First, the globalists formed the European Union (EU) that stripped away national currency in favor of the centralized euro. Next, they welcomed millions of Muslim “migrants” – claiming them to be war-torn mothers and children – into the bosoms of Germany, Sweden, England, and Ireland.
Now that the religious invaders are making good on their stated plan to overthrow the European infidels (all non-Muslims), the EU is setting up their own army to combat the problem they created.
Critics have opposed the creation of an EU army that would have powers outside the UN and EU member countries.
Eurosceptic (someone opposed to the EU) and former UK Independence Party (Ukip) leader Nigel Farage spoke out in early September 2018 after the third battalion parachute regiment arrived in Bosnia Herzegovina as part of an EUFOR (European Union Force) training exercise.
Faragan, speaking on his LBC (“Leading Britain’s Conversation”) show, Farage reminded listeners that the main reason he campaigned for Brexit in the June 2016 Referendum “was to prevent the UK from joining a potential European Union army.”
The pro-Brexit politician said that Nick Clegg – leader of the Liberal Democrats (2007–15) and deputy prime minister of the United Kingdom (2010–15) – laughed in 2014 when Farage claimed that “the Brussels bloc was working on the creation of a European army.” The former DPM told Farage his idea was “all a dangerous fantasy.”
Farage challenged Clegg’s dismissive denial of a unified European army when the regimental parachutists arrived for training wearing EU insignia. He produced the proof that his visions were not mere imaginings:
“And on their arms, they have been put on European Union flags.”
British MEP Gerard Batten has called on ex-EU Britons to “boycott” the EU army. He said, in opposition:
“Our ancestors, the heroes of The Armada, Waterloo, Trafalgar, Passchendaele, El-Alamein, and others too numerous to mention, did not fight so that their descendants could serve under the flag of a foreign power.”
In June 2017, the European Commission poured 5 billion euro into the new European Defense Fund, intended to aid member states’ defense research and help EU countries procure military equipment.
In late 2017, 25 EII bloc member states “signed a joint declaration calling upon the European Council to adopt a decision establishing a Permanent Structured Cooperation (PESCO) on defense. This would allow Europe both to increase the volume of investments on military technology and step up the level of coordination in this area within Europe.”
Sputnik News reported that after “25 bloc members signed a defense pact, a smaller circle of EU members are going to take formal steps to create the European Intervention Initiative (EII). This force is designed for responding to natural disasters, crisis intervention or the evacuation of Europeans.”
In September 2017, French President Emmanuel Macron officially proposed creating the EII military intervention force (army) for rapid deployment in the event of a crisis. It would be separate from other EU defense cooperation programs – but Britain could still join in (as if they would).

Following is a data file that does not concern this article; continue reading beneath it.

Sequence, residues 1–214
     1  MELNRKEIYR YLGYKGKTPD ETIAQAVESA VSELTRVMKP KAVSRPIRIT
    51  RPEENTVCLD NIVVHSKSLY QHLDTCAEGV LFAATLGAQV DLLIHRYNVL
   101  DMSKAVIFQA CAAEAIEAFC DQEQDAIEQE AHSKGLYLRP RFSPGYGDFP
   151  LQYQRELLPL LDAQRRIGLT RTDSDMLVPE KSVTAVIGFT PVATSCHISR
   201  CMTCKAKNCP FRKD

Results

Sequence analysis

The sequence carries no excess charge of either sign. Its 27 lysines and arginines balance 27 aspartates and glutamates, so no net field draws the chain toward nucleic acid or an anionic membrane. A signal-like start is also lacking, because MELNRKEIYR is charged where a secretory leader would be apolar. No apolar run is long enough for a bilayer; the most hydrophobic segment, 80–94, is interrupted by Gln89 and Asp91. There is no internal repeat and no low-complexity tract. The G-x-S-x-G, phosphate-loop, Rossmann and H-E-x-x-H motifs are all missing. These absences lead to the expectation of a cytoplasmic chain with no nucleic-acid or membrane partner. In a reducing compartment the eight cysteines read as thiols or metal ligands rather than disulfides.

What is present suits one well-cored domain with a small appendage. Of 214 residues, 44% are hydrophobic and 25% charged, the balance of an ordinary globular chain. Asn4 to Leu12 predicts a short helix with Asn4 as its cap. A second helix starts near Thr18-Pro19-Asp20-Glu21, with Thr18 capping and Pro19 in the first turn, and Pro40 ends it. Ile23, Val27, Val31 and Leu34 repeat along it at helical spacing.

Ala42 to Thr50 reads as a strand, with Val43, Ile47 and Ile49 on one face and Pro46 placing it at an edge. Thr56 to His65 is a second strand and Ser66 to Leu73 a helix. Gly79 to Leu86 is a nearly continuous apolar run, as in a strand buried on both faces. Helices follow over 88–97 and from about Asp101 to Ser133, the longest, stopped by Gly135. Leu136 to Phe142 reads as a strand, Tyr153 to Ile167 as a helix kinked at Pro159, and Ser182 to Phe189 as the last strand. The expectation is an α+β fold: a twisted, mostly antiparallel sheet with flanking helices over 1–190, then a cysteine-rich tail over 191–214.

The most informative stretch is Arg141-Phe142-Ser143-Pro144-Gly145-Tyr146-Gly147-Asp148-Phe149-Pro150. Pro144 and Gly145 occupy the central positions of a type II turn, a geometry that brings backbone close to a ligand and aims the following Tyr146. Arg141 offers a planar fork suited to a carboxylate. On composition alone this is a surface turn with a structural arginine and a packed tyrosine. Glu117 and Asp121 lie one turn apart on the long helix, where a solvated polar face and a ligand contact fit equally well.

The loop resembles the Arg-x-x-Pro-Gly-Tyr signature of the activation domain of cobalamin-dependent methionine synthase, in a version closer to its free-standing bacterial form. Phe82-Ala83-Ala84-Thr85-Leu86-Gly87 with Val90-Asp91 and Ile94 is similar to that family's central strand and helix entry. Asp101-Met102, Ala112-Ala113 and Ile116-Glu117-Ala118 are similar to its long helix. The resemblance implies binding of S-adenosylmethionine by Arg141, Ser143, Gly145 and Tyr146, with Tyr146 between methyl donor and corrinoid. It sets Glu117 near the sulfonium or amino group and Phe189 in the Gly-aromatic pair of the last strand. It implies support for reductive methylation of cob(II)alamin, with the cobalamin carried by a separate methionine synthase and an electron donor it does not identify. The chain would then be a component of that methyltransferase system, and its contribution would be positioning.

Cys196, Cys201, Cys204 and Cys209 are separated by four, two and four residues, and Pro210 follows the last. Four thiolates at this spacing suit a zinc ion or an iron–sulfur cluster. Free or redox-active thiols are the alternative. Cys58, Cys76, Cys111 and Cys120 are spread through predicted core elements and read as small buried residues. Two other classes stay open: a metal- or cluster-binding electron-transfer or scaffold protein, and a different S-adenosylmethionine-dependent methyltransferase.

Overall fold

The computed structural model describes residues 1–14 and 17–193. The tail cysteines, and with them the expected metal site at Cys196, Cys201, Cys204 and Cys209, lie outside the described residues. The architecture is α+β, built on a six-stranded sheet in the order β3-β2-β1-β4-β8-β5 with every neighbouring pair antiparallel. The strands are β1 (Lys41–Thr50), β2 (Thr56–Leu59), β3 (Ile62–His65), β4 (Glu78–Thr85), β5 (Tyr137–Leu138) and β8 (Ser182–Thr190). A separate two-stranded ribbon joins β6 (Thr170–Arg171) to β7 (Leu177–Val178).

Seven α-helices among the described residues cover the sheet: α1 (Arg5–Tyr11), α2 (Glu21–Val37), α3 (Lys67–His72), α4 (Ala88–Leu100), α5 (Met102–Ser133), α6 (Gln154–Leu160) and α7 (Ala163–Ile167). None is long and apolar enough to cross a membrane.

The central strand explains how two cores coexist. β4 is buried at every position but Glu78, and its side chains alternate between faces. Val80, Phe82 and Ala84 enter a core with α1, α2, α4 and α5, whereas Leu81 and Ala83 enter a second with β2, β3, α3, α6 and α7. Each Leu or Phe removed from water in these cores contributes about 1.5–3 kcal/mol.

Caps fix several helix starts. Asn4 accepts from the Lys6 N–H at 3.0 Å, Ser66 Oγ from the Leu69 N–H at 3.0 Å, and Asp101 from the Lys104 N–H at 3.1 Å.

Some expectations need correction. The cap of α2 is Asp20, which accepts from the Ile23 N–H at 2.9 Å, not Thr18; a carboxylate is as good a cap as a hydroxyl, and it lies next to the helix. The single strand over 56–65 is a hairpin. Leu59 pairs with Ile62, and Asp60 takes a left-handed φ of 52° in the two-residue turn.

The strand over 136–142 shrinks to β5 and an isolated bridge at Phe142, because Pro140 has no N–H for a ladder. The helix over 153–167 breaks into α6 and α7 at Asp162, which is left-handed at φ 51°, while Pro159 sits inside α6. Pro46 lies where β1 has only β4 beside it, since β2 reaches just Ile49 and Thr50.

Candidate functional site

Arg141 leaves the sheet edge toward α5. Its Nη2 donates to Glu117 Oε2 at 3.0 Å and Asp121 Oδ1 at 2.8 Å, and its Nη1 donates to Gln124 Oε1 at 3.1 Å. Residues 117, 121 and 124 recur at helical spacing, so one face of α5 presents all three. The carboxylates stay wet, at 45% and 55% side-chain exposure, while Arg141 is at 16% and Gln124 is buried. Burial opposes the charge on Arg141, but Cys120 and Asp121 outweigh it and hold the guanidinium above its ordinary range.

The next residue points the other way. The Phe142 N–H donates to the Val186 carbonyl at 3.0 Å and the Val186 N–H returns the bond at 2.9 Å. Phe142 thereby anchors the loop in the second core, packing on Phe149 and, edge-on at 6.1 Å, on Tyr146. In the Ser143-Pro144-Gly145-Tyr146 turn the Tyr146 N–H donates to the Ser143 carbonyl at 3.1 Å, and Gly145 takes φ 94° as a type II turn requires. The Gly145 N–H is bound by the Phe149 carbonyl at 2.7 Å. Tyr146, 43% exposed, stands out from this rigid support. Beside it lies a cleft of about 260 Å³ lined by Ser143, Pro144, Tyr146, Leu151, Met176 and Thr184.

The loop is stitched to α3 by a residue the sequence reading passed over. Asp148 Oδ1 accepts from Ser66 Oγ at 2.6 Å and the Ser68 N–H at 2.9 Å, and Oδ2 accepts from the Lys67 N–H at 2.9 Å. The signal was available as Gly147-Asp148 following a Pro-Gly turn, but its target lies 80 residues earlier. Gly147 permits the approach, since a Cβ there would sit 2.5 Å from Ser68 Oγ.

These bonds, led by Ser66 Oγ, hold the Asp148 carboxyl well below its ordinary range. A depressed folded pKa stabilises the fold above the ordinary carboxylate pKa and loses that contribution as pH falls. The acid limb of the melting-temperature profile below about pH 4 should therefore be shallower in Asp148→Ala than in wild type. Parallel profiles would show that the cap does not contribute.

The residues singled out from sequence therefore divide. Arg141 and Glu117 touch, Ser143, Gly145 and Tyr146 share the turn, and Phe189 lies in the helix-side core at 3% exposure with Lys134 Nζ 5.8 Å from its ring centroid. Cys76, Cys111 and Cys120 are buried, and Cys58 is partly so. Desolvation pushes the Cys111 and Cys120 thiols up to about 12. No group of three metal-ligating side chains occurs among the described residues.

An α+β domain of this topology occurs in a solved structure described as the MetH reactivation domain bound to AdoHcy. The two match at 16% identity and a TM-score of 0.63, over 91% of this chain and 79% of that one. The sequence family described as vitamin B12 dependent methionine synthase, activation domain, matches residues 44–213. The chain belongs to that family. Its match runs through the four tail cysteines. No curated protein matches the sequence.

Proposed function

The EII counts among its members France, Germany, Belgium, Britain, Denmark, the Netherlands, Estonia, Spain, and Portugal.
Britain, Denmark, and Malta all refused to sign the agreement and back a unified EU military defense initiative.
In late August 2018, Macron urged the EU to take charge of its own defense instead of relying on foreign powers, notably the United States. Macron called for reinforcing defensive alliances with Russia as he lamented the fact that neither China nor the U.S. regards the EU as an “independent” world power.
The French president is now making the case that U.S. security is unreliable and an EU army is the final solution to their inflammatory immigrant Muslim problem.
“It’s up to us to meet our responsibilities and guarantee our own security, and therefore European sovereignty,” Macron told French ambassadors in Paris.
Defense cooperation would include all EU states and Russia. But there’s a catch: in order to join the new EU army, Moscow must end the separatist conflict in eastern Ukraine, which Russia controls. We’re not holding our breath on that happening.
Presuming that the French leader speaks for all the other pro-EU countries, he listed the goals and expectations they all share in forming a new EU army:
“This reinforced solidarity will imply a revision of the European architecture of defense and security: by initiating a renewed dialogue on cybersecurity, chemical weapons, conventional weaponry, territorial conflicts, space security, the protection of polar zones, in particular with Russia.”
Macron envisions objective cooperation before EU countries with almost automatic reinforcement to achieve “a real solidarity of intervention if one state came under attack.”
Macron already knows which existing laws can be repurposed to the task of adding a pan-European army to a pan-European currency.
Watching from the other side of the Big Pond, one has to wonder if the real purpose behind a standing army in Europe under EU control is to repel all borders, as some analysts have suggested – or could the opposite be the case? Will pro-Muslim Germany and France use their new armed forces, funded by the EU, to oust their own residents, replacing them with foreigners?
We are watching history in the making as Europe chooses up sides for and against the Muslim migration or invasion – depending on your point of view. What are the globalists up to?